I can only imagine how much harder it is for a teacher to form an opinion about a child’s readiness on a subject without being able to interact as much with them as they do in the classroom. This lack of interaction will increase the reliance on tests, which, as a parent, I have never been a fan of as they represent a snapshot of the student knowledge but certainly do not provide a broad sense of whether the student is learning. More importantly, tests fail to capture whether the student is connecting the dots across subjects and developing critical thinking.
Staying Focused On The Whole Student
Distance learning also means that the level of engagement from students is very inconsistent, depending on multiple factors, from tech-savviness to connectivity to the overall home environment, as more and more children are impacted by family members dying. These inconsistencies, coupled with how ready the school was to deploy distance learning, are creating a learning gap that must be addressed. PowerSchool found that schools that were already using their Learning Management System saw a 95% student participation when distance learning compared to an average of all their users of 52%.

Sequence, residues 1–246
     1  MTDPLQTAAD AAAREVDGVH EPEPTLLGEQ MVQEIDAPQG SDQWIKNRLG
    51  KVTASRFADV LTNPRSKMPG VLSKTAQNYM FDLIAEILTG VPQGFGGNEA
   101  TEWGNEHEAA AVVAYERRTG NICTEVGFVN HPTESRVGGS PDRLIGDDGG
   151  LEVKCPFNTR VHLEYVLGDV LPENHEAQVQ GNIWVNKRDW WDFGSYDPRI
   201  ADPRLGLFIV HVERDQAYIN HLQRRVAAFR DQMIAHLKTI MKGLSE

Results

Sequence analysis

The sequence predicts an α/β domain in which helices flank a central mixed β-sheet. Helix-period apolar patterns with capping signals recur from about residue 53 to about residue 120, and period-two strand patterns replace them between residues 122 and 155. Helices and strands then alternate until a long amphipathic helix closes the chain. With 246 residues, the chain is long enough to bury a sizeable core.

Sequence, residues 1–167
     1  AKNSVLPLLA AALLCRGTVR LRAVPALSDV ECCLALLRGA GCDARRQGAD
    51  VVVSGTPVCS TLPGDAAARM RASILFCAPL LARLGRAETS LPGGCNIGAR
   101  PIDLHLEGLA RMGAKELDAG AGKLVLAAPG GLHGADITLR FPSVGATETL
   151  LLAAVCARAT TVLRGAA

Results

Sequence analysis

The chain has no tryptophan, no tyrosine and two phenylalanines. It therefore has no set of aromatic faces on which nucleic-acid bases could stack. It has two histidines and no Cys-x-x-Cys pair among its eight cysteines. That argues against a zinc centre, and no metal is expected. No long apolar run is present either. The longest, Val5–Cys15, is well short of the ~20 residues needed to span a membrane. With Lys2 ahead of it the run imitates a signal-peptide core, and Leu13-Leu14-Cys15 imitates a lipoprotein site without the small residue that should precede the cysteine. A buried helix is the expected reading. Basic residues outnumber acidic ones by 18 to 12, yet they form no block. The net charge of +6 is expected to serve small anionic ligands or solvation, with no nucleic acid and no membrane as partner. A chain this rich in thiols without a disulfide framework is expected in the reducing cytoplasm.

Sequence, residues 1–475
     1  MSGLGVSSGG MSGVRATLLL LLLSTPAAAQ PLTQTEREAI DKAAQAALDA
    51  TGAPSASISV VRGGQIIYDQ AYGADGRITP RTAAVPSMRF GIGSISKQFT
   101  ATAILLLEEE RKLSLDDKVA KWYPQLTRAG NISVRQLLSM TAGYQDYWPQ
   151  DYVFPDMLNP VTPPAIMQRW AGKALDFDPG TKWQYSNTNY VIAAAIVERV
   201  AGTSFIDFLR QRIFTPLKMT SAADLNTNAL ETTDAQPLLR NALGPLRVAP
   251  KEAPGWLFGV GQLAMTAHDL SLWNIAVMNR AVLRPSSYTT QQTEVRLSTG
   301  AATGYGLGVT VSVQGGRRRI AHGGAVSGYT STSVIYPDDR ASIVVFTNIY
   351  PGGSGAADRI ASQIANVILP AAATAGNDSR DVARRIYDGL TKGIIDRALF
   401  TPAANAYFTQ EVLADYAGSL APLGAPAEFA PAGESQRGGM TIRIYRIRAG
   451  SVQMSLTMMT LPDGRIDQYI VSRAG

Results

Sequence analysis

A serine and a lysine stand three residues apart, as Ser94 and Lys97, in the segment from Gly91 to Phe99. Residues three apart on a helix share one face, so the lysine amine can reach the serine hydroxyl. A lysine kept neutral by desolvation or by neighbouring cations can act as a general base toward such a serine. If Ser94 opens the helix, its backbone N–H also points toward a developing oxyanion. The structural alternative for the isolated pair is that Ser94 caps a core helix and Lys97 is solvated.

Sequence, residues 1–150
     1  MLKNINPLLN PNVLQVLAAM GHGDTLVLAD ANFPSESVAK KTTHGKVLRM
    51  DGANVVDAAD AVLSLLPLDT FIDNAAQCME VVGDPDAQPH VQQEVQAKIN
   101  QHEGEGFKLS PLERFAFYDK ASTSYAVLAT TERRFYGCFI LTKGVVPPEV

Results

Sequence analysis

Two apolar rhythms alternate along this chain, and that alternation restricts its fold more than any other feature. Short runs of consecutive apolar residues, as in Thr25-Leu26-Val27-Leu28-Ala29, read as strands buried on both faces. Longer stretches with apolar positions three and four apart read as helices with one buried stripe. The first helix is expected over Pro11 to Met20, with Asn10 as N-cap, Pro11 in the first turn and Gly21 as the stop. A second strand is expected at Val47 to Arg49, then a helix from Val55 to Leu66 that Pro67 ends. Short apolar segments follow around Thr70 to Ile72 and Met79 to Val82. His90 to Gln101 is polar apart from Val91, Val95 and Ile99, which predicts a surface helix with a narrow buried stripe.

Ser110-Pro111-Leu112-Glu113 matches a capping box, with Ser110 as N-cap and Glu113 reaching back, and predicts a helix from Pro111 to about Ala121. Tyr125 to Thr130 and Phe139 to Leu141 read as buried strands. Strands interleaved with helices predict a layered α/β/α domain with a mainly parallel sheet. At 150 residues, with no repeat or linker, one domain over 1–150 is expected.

2020 is the first year without federally mandated standardized testing in almost twenty years. I hope, as we continue to integrate technology into the classroom, that this pause will be a stimulus to look at other ways to assess students as well as monitor their progress so teachers can intervene before the student falls behind or gets bored if learning is not challenging enough. This becomes even more critical when teachers are faced with such a disparity of engagement and it is an area where the PowerSchool leadership believes data can provide a solution through their new analytics tools. The Unified Insights Student learning tool will allow teachers and schools to cross student information such as ethnicity, attendance, and health information with learning data. The combination of these data would be able to help identify learning gaps, increase engagement by addressing social and emotional as well as technical and learning challenges and providing teachers and educators with a complete picture of their students.
I am all for providing educators with a full picture of the student. Still, there are always concerns when socio-economic and ethnic information come into the mix of data used to develop a predictive model and rightly so. We have seen time and time again how such information is used to develop biased predictive models that preclude access rather than foster it. I hope PowerSchool will provide educators not just with the data, but with guidelines on how to read it and use it. The potential for positive impact is enormous but so is the risk of misuse.
This article was first published on Forbes
Disclosure: The Heart of Tech is a research and consultancy firm that engages or has engaged in research, analysis, and advisory services with many technology companies, including those mentioned in this column. The author does not hold any equity positions with any company mentioned in this column.